JIM LEHRER: Is the umbrella issue that's between Republicans and Democrats government involvement in health care?
SUSAN DENTZER: That is certainly, rhetorically, the main issue.
You know, the government is deeply, deeply involved in health care now. Witness the Medicare program, the Medicaid program. Basically, half of the dollars expended in U.S. health care float through some sort of government program, either at the federal, state, or local level.
So, the government is deeply involved now. Would the government become somewhat more involved? No question about it. Also, the government would be very much more involved in sort of even structuring the private marketplace in health insurance by setting up new health insurance exchanges and so forth.
But I think, in the great balance of things, what's at work here is an attempt to make the insurance market work better for everybody, both people who get coverage through the public sector and people who get coverage through the private sector.
And, yes, as you say, there's some suggestion on the part of many that this is too much government control. Others say this is what we have to do, to have the government step in to make the markets function better than they do currently.
Reaching 60 votes
JIM LEHRER: Now, the road here to passage, of course, the first -- now, Senator Reid has said, Saturday night, there's going to be a vote, a test vote on process. What -- how will that happen?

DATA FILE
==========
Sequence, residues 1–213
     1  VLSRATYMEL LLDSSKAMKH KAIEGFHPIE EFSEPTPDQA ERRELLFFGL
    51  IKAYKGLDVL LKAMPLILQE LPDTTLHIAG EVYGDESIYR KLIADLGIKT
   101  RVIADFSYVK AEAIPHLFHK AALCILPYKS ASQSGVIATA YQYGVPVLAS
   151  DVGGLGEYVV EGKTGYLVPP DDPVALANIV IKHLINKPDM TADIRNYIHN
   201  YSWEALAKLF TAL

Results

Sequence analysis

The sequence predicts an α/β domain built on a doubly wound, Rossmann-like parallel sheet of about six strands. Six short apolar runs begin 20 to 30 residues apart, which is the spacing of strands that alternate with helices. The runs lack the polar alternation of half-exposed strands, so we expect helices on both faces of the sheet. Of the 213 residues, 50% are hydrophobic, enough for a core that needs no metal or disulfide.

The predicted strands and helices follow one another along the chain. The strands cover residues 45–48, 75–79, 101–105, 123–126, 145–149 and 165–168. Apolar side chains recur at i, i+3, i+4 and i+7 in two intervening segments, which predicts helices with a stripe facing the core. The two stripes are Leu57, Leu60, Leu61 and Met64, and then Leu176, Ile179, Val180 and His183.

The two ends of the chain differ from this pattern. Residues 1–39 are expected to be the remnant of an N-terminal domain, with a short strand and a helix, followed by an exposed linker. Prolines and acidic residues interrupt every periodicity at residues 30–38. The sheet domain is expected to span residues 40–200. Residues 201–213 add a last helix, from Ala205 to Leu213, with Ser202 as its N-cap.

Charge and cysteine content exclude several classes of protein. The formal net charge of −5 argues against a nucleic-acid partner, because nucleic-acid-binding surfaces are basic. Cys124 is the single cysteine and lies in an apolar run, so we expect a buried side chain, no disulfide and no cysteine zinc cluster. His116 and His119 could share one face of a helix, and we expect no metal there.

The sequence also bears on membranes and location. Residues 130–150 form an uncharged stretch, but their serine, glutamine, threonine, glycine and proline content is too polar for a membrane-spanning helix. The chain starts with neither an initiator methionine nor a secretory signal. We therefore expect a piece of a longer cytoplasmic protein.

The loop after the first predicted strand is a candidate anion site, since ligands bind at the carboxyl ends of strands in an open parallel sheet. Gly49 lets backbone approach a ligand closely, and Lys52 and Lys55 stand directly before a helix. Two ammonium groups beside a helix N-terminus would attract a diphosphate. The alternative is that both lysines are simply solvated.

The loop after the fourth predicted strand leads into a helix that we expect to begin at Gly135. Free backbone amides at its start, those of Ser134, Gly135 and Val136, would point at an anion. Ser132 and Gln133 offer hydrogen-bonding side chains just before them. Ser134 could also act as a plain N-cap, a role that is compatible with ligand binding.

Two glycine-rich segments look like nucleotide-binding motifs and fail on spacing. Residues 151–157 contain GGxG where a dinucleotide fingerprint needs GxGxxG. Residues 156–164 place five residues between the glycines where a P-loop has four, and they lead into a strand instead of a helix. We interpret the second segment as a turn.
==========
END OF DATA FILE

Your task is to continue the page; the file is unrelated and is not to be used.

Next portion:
SUSAN DENTZER: It's a procedural vote. It essentially is a vote to cut off debate on whether we should move the bill on to the floor, in effect. So, it's a procedural vote, but it's significant. You need 60 votes to pass that, as well as to actually pass the final bill.
So, if he can get 60 votes, which it now looks like there's a very reasonable prospect that he will, Senator Lieberman having said he wasn't going to block it, others having said that -- indicated that they would support it, that's good. That means that, basically, there's 60 votes willing to move on to the -- move the bill on to the floor, begin the process of amending it -- and there will be many, many, many amendments offered on the floor -- and really start the final phase of debate on the Senate side, with the hope of leading up to passage after Thanksgiving.
JIM LEHRER: But it doesn't mean that they have 60 votes for passage or 60 votes for this bill?
SUSAN DENTZER: No, it doesn't yet. But it means that they can begin the process of trying to get to something that 60 people could agree on, that is to say, for example, the public option provision. Coming up with some kind of solution that can get Senator Lieberman on board, for example.
We will note that, in the new version of the Senate plan, the public option is called a community insurance provision. The Congressional Budget Office said, at the end of the day, it thought only about three or four million people nationwide would enroll in that, for various reasons, one being that states would opt out, another being that premiums in that plan could actually be higher than in the private insurance market.
But people sort of have to work their way through that and decide whether they could live with something that would draw on board three or four million people, or whether they can't live with any of that, and then come up with a solution that they can get 60 votes to agree on.
JIM LEHRER: Yes. And that's just one of the pieces of the debate that is still to come, yes.
SUSAN DENTZER: That's right.
JIM LEHRER: Thank you, Susan.
SUSAN DENTZER: Nice to be with you, Jim.
JIM LEHRER: Thank you.